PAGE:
"What you have to do is work with the raw material
you have, mainly you, and never let up."
Helen Gurley Brown 1922-2012
Helen Gurley Brown will be remembered by most for her post as longtime Editor of Cosmopolitan Magazine.
Her first book, "Sex and the Single Girl", published in 1962, was considered quite controversial at the time. A list of her books is as intriguing now as they were back then; "Sex in the Office", "The Late Show, a Semi Wild but Practical Guide for Women over 50", "I'm Wild Again...Snippets from my Life and a few Brazen Thoughts".....to name a few.
The first time I saw her name and likeness was when I got my first issue of Cosmopolitan Magazine in ninth grade. I remember thinking, "There is so much juicy stuff in here, should I be able to buy this??".....Oh, it was delightful....things I didn't get to talk about with the older girls, explained to me here, in my language, page after page!
I grew up in a Midwestern small town, before the internet was more than Compuserve, and with parents who, bless their hearts, did not and still don't want to pay for cable TV. There were few references to such sophistication and glamour as Cosmopolitan Magazine! I wanted to look just like those tall, perfect, sophisticated beings, and dress like them too....not to mention live out their courageous and exciting lives! It was my dream future in the mail once a month. Some of the articles had such enticing names I was embarassed to leave it lying around the house, what if my parents saw?
Seeing Ms. Brown's picture and letter from the editor was a monthly occurrence for me and millions of other women through the 1990's. Until, one day, she wasn't there. A new person's face and name appeared, Bonnie Fuller..... I gave Ms. Fuller a chance and I'm sure she was great, but the magazine took on a different tone after that that just didn't fit me. It was punchy, fun, and saucy, but the high glamour had "homogenized" into something more mainstream. Helen Gurley Brown's Cosmopolitan had provided me with an exotic version of life, one that I would only sometimes attain, but I still loved it the way it was....the fantasy of what's "out there". When the familiar subscription card arrived in the mail later that year, with a sigh and a long pause I tossed it out, and with it.....a little bit of magic.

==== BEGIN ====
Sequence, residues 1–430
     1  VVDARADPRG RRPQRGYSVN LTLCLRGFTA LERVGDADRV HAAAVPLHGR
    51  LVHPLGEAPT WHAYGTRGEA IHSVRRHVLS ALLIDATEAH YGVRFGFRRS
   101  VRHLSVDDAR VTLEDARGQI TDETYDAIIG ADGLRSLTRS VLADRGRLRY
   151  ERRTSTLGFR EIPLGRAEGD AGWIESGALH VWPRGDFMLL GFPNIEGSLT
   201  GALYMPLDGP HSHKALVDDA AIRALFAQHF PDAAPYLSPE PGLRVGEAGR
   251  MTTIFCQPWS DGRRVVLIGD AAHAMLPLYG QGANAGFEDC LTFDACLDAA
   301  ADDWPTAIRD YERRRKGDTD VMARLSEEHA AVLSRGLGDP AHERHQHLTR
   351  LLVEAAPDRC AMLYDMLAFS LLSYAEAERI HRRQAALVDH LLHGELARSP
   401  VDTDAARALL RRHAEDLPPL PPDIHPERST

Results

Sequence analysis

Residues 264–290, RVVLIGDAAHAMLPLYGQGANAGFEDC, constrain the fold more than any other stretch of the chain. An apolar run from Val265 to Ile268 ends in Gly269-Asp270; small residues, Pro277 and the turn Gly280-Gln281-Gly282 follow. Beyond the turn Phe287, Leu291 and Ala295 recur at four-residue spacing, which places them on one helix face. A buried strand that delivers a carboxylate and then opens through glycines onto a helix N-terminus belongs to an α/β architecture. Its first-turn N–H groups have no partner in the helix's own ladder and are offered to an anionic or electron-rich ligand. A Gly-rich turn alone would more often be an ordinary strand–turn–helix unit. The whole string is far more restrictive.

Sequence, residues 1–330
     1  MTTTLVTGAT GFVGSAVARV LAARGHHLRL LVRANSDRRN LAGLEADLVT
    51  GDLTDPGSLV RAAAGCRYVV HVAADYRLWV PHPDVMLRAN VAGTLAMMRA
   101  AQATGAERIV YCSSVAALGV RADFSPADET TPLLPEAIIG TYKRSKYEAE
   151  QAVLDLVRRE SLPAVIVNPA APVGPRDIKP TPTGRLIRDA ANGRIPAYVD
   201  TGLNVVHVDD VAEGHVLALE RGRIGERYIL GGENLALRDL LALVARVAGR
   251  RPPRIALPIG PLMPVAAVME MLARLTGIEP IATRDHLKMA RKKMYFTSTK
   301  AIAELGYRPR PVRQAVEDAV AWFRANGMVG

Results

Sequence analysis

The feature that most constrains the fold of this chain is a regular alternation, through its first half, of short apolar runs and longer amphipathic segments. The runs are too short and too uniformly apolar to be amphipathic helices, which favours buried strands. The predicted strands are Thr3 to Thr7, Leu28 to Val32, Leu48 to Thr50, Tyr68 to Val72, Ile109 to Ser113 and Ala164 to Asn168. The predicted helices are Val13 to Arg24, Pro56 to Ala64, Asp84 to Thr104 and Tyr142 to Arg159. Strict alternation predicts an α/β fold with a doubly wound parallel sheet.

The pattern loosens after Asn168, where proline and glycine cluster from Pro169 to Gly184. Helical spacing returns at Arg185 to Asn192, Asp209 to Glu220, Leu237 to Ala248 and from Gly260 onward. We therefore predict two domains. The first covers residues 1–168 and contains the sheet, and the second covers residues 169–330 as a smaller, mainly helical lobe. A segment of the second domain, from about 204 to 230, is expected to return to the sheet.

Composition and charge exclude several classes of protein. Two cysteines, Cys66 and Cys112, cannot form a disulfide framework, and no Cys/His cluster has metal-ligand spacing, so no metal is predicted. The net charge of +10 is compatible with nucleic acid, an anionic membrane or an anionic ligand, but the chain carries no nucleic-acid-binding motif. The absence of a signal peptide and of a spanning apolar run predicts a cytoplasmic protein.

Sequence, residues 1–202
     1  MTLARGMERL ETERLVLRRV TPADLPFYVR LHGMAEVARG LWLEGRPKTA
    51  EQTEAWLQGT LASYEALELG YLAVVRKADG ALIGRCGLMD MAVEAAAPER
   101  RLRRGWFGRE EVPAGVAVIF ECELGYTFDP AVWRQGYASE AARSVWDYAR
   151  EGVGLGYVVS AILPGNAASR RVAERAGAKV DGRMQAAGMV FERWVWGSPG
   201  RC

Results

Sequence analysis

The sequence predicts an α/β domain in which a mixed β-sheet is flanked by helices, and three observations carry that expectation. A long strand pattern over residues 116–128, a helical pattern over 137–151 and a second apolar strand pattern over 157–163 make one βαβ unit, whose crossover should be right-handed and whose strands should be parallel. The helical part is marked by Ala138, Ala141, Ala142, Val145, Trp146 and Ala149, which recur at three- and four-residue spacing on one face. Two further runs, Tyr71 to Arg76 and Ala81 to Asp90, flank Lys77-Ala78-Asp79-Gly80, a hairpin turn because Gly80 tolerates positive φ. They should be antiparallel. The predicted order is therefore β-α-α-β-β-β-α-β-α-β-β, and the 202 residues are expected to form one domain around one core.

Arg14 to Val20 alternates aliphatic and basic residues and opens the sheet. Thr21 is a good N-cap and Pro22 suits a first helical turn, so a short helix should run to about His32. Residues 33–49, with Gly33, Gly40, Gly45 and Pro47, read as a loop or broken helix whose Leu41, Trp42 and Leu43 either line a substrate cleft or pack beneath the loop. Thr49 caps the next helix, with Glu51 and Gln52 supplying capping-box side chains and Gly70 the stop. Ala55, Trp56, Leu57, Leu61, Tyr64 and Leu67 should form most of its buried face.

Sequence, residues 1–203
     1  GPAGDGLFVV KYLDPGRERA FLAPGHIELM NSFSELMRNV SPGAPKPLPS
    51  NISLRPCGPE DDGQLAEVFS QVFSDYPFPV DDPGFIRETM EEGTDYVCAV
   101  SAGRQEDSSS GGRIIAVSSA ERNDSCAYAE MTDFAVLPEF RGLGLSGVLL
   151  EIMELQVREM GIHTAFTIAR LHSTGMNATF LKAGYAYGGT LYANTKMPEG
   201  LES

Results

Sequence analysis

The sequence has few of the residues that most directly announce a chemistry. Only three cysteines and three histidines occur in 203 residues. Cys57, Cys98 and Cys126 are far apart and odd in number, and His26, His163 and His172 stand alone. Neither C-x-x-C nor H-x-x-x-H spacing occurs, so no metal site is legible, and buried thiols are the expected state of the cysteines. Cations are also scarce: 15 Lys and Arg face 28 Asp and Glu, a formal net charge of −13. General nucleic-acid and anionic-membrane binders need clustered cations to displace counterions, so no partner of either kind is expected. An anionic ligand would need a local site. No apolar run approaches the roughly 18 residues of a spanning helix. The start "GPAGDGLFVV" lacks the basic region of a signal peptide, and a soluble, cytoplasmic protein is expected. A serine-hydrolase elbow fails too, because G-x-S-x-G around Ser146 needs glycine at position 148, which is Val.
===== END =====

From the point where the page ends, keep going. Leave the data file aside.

As many know, Helen Gurley Brown was an original "Peggy" in Madmen, so to speak. Starting out as a secretary in the 1960's and moving up the ranks quickly to copywriter, was beyond rare. (Just ask my mother in law, Marilyn, who worked on Madison Avenue for 42 years).
Ms. Brown has also been compared to the "Carrie Bradshaw" character from Sex and the City, but I don't agree with that one quite as much. Carrie Bradshaw was funny, witty, cute, but Helen Gurley Brown was a trailblazer! Back in 1962 people didn't even use the words "sex and a single girl" in public. She wrote a book about it!
Helen and her late husband, David Brown, recently formed the "Brown Institute for Media Innovation", a $30 million venture which will be housed at both Columbia University and Stanford. "B.I.M." was founded to develop journalism in the context of new technologies. He was 91, she was 88 at the time. Both progressive thinkers, they focused on the future, and left a legacy of providing education for "up and coming" writers and artists.
Her love of life, zest for the sexual health of the female, and her flair for putting it all in writing are what I will most remember about Ms. Helen Gurley Brown.
Photo by Radu Razvan Gheorghe, www.dreamstime.com